Today there is a pervasive resistance to believing in reincarnation because much of the past has been ugly, and for most a reminder of terrible failure. Most people would rather forget the past and go on. But this is NOT a wise idea. There is nothing good in forgetting the past. Sure, setting aside traumatic experiences temporarily until you are strong enough to deal with them may be necessary at times, but we suffer more today because we refuse to remember. How can you learn from the past if you refuse to remember it? You can't. You are a blank slate with nothing to learn from. Memory is the cornerstone of wisdom. If you deliberately push it away you won't learn the things you need to learn in this life. You won't see the problems, so you won't be looking for the answers.
It would be better if more of us would anguish about our pasts than telling ourselves we are blameless and bear no responsibility. We all have problems buried in the past we are making very little effort to solve. A civilization that buries its past cannot last long. The weight of accumulated sins become too great. Something inside each person demands that the scales be balanced, but when society as a whole won't work on it, something has to give. The sins we don't see or remember will destroy us and we won't really understand why.
Many people today are depressed. They turn to drugs to try to alleviate this depression, but the root cause goes far deeper. Many of these people accept their depression and wallow in it. They accept it as a chemical imbalance or some other excuse (even if there is a chemical imbalance, it probably has a spiritual cause. EVERYTHING has a spiritual cause). I would venture to say that most depression is the result of realizing you are not fulfilling your true -life purposes on Earth. You are not balancing your scales. You are not doing what you planned to do prior to being born. You are failing, and you know it. Nothing anyone can say or do for you can change this fact. But since most of us in Western culture don't take reincarnation seriously, what can we do? Take more pills?
The hope of America for many people has been freedom from the heavy karma of Europe. It was a New World in more than one way. It was a land where new and better ideas could take root. Europe was too entrenched in its traditions to find the right answers, but in America there was hope. Those of us who have the good fortune to live here should take every opportunity to improve while we have the chance. This is our chance to get free from our karma enough that we can straighten it out. If we throw away that opportunity what hope is there for us? What chance do we have?
Here is a small sampling of the problems that could be addressed in society if reincarnation were taken seriously:
1.Gender, racial, cultural and religious bias. If you accept reincarnation you know you will not always be in the same gender, culture, race or religion. If you are Christian this lifetime you may be Muslim next. If you are a man now you may be a woman next time. You could be white now and black in your next life. Knowing that we are not defined by race, gender, culture or religion changes our outlook towards others. If you find yourself feeling superior to another group you may be humbled in the realization that you might be part of the group you view as inferior next time.
2.Psychological and mental problems. People would be able to draw connections between the things they feel and their pasts. If you feel depressed there could be a karmic cause. You could be remembering something from another lifetime that you need to resolve.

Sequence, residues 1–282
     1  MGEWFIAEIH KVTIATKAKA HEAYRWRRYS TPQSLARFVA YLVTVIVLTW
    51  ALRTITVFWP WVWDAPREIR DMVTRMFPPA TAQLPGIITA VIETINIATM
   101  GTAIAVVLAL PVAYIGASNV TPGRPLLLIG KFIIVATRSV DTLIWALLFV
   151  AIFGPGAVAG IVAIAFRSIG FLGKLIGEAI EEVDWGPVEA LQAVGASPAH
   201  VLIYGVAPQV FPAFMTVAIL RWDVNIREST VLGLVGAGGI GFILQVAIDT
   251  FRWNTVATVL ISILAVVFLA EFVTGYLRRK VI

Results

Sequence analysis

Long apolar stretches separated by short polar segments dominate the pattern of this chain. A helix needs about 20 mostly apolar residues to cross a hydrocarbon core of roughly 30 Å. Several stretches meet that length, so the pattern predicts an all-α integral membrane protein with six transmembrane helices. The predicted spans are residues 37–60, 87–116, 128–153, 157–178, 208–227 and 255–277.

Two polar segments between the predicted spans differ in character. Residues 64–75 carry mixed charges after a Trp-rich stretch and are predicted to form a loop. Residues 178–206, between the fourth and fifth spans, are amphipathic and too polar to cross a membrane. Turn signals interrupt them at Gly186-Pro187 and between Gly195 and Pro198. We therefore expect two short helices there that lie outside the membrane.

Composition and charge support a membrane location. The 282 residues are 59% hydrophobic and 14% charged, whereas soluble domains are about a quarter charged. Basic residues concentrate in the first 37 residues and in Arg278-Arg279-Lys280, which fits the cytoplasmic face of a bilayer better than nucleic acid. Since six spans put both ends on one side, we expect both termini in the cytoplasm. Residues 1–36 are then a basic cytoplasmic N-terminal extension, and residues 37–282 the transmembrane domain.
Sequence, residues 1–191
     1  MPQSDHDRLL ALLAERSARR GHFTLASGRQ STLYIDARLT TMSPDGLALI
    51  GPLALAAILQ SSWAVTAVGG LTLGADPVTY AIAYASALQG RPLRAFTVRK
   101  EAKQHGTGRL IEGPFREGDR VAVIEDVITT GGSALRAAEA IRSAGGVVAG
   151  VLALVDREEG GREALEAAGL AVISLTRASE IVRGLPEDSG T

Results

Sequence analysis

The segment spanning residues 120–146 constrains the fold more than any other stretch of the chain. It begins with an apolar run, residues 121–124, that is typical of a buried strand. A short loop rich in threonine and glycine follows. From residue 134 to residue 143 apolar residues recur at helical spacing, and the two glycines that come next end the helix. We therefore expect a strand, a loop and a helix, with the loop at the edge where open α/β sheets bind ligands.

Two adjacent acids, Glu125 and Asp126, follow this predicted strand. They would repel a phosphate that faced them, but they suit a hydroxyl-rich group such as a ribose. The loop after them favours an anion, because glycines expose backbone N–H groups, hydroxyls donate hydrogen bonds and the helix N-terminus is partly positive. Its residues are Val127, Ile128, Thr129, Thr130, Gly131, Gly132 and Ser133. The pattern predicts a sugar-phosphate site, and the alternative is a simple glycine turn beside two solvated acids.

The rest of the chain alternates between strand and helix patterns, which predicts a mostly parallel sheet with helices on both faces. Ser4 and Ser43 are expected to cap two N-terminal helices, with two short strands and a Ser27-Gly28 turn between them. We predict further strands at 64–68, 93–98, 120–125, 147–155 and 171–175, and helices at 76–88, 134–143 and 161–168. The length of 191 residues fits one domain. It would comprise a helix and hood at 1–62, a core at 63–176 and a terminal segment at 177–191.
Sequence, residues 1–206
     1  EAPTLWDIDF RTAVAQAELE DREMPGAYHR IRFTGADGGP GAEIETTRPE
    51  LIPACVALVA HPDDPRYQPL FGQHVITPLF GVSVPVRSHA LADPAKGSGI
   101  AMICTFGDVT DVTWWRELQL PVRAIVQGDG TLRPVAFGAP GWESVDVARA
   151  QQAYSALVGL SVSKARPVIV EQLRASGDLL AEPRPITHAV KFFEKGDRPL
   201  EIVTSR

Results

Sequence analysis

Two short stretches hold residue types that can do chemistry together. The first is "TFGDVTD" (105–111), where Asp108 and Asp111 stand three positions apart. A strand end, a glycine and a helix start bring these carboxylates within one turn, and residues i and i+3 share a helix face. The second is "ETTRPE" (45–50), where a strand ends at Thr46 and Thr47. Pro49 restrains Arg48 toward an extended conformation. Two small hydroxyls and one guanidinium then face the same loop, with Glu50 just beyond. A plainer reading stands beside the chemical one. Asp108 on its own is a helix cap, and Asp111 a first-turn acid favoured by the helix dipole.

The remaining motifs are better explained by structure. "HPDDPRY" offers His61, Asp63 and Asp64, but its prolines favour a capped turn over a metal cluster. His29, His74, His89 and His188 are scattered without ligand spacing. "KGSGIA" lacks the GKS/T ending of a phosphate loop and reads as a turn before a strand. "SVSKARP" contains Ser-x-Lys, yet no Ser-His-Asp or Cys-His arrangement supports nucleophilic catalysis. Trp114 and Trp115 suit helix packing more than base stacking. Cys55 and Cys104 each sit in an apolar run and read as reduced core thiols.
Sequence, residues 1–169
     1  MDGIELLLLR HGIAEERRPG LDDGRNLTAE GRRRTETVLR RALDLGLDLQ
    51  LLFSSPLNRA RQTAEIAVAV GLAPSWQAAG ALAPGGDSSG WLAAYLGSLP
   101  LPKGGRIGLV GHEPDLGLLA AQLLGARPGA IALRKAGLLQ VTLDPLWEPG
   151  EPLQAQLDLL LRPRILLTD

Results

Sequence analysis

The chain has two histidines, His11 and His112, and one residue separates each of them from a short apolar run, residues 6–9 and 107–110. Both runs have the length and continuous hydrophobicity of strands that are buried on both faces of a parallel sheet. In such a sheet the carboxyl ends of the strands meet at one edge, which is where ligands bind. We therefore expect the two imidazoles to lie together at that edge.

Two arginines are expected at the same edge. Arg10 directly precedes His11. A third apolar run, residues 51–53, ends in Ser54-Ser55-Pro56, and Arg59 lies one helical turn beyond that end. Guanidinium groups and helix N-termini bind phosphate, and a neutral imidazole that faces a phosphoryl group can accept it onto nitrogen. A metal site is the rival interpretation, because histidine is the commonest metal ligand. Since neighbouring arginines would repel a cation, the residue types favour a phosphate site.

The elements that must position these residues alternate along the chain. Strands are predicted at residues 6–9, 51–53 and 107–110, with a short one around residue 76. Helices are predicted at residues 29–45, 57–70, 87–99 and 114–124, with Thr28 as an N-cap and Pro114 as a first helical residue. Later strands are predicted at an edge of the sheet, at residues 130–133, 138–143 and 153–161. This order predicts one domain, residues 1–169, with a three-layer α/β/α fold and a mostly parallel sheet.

3.Morality and justice. What goes around comes around. You never really get away with anything, even when you think you do. Sooner or later you will pay for your mistakes, so be right! Don't deliberately do wrong. You reap what you sow.
4.Education. The role of education should be to wisely awaken the memory to the lessons the person has already learned. As a society we are failing to instill values in our children, because most adults are severely cut off from their wisdom. An acceptance of reincarnation would mean an acceptance of our broader wisdom, which would lead to great genuine personal morality.
5.True self esteem. No, not the pretend kind. Many people resist reincarnation out of fear of how bad they have been. There are some that have been quite terrible but many more that have said and done things for which they can be rightly proud. Belief in reincarnation brings a greater sense of self and capability. Many people have seen children suddenly start acting like adults in stressful situations. They have memory and in such cases they are using it the way they should.
6.The preoccupation with materialism in modern day Christianity. Most Christians would be shocked to realize they are amongst the most materialistic people on the planet. Many believe this life on Earth is all there is for them, just like the atheists. Many claim to be very spiritual people like Jesus was, but how many Christians you know believe in casting out demons as Jesus did and try to follow his example, as He expected? Most Christians will automatically run to a doctor. They would look at you strangely if you suggested they try to learn from Jesus how to cast out the demons causing the illness.
Reincarnation permits us to think as spiritual beings, beyond this present body. This body is not who we are. It is only an instrument for learning in this present time. When it is no longer of use it will die, but the spirit will keep learning.
7.Responsibility for the future. If you realize you may have to return to this planet again as a baby your attitude towards everything changes. You have a stake in the survival of this country and this planet. You do not want to return to a planet in chaos. This gives you impetus to do all you can to make the world better for the future. The present day conditions of the world are partly of your making and you may one-day return as a child and have to face again what you helped create in previous lives.
This is a short list that only hints at the possibilities.
Jesus believed in reincarnation for a reason: he knew it was the key to each person rediscovering his wisdom. When he came to Earth he knew our planet could not survive long. He wanted to awaken the wisdom of the people. They were caught in rigid beliefs and destroying one another in the name of religion. Every one of us has lifetimes that comprehend things we in this life don't very well. We are castaways on a deserted island with very little awareness of who we are where we came from and why we are here. We each need to reconnect with our reservoir of learning of life's lessons, which is the foundation of all that we are including our morality. Certainly church doctrines are not the foundation of our morality. When push comes to shove we live by what we have learned from experience. May we have the guts to remember what we have learned. If we do we will have raised our moral consciousness and ability to save our planet many thousand fold.